Monday, February 26, 2018
James M. Stewart ’32 Theater, 185 Nassau St.
FREE and open to public
Marking its 37th annual Festival Tour in 2018, the renowned Black Maria Film Festival celebrates creativity and innovation in the moving-image arts. The Festival’s juried collection of short films includes animation, experimental, documentary and narrative works. Black Maria celebrates the short form in all its permutations for its artistic challenges, aesthetics, and substance. The program will be presented in-person by Festival Director Jane Steuerwald and will feature a collection of stellar works chosen to tour in this years’ Festival.
I Saw You Yesterday
by JOHN VALERIANI — Chelmsford, MA
Animation, 3 minutes
A stream of consciousness exploration of characters and ideas suspended on a wall, who struggle to find a place and a story. “I Saw You Yesterday” is a hand-drawn stop-motion animation involving charcoal, paint, shadows, and objects.
by JEANNIE DONOHOE — Los Angeles, CA
Narrative, 15 minutes
A.J. Green, a new kid in town, shows up at the high school boys basketball tryouts, and instantly makes an impression. Coach takes notice, and so do the other players, some of whom feel threatened by the new blood. The school’s team is excellent—second best in the state—and this is the year Coach plans to win it all. A.J. proves himself on the court and clearly has talent, heart, and drive… as well as a big secret. Will A.J. be able to claim a spot on the team once the players and coach discover the truth?
by ASHLEY BRANDON — Evanston, IL
Documentary, 13 minutes
Mickey Alice Kwapis spends her free time gutting small rodents and then putting them back together. A self-taught taxidermist, Mickey has been working professionally with dead animals for four years. Now, with her trusty peacock in tow, Mickey is on her way to compete in the U.S. National Taxidermy Championships. The competition will be stiff. Mickey is up against current and former World Champions who have been working in the field for longer than she has been alive. “Mickey’s Pets” is the story of an underdog, striving for victory and intending to do so in her own quirky style.
by JOSHUA TUTHILL — Soquel, CA
Animation, 15 minutes
Utilizing archival footage and stop-motion animation, “Black Dog” is set during the space race of the 1960’s. Two brothers must deal with the sudden loss of their parents. One falls into the darkness of a troubled marriage, and the other must find an escape from the evil that is devouring his family.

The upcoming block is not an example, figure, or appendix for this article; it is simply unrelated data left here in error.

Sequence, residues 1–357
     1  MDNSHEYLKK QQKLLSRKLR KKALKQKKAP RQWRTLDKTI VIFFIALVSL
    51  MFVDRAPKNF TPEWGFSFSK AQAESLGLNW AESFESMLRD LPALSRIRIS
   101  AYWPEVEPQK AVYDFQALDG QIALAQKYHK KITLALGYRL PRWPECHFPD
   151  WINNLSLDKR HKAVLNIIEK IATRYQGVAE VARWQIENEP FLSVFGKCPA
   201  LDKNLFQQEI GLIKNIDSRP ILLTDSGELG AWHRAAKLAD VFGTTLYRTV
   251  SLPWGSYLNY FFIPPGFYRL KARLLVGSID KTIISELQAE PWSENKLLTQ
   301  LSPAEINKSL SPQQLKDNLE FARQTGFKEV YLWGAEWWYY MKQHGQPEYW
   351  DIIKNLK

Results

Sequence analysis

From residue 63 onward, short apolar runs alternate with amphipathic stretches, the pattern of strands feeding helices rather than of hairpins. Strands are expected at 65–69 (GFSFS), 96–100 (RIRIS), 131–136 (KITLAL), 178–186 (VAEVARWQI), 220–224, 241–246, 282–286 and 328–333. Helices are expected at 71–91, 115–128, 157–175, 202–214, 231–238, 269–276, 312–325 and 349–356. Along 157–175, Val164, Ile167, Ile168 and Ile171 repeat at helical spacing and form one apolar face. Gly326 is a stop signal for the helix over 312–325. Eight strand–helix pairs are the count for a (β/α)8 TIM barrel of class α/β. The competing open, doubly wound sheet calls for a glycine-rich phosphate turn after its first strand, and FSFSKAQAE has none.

by Hinaleimoana Wong-Kalu — Honolulu, HI
Documentary, 11 minutes
In the Kingdom of Tonga, the last remaining monarchy in the Pacific, traditional culture clashes with modern religious zealotry. On the eve of the biggest day in her life, a young transgender beauty contestant is given an ultimatum by her Mormon family. They tell her, “If you choose to participate in that pageant, you can pack your bags and get out of this house.” Fiercely determined, Lady Eva takes off on a journey to become her true self – with a little inspiration from Tina Turner along the way.
Contigo (With You)
by Daniel Boord and Luis Valdovino — Boulder, CO
Documentary, 7 minutes
“Contigo” is a waltz with family and tradition, close to the South Texas border. While the Alamo has been designated, by the United Nations, as a World Heritage site, equally noteworthy is the cultural heritage in the lower Rio Grande Valley. “Contigo” celebrates a Sunday afternoon in San Antonio and a weekend at a conjunto music festival in San Benito. The project is based on a song written by one of the pioneers of conjunto music, Don Santiago Jiménez. It is performed by his son, Santiago Jiménez Jr.
We Know Where You Live
by Honora Talbott — Los Angeles, CA
Narrative, 13 minutes
When a Mexican American couple moves into a trendy, gentrifying LA neighborhood, two hipsters invite themselves over to offer a ‘warm welcome.’ But as the night goes on, it’s clear these neighbors are not what they seem: cold pressed, cold brewed, and cold blooded.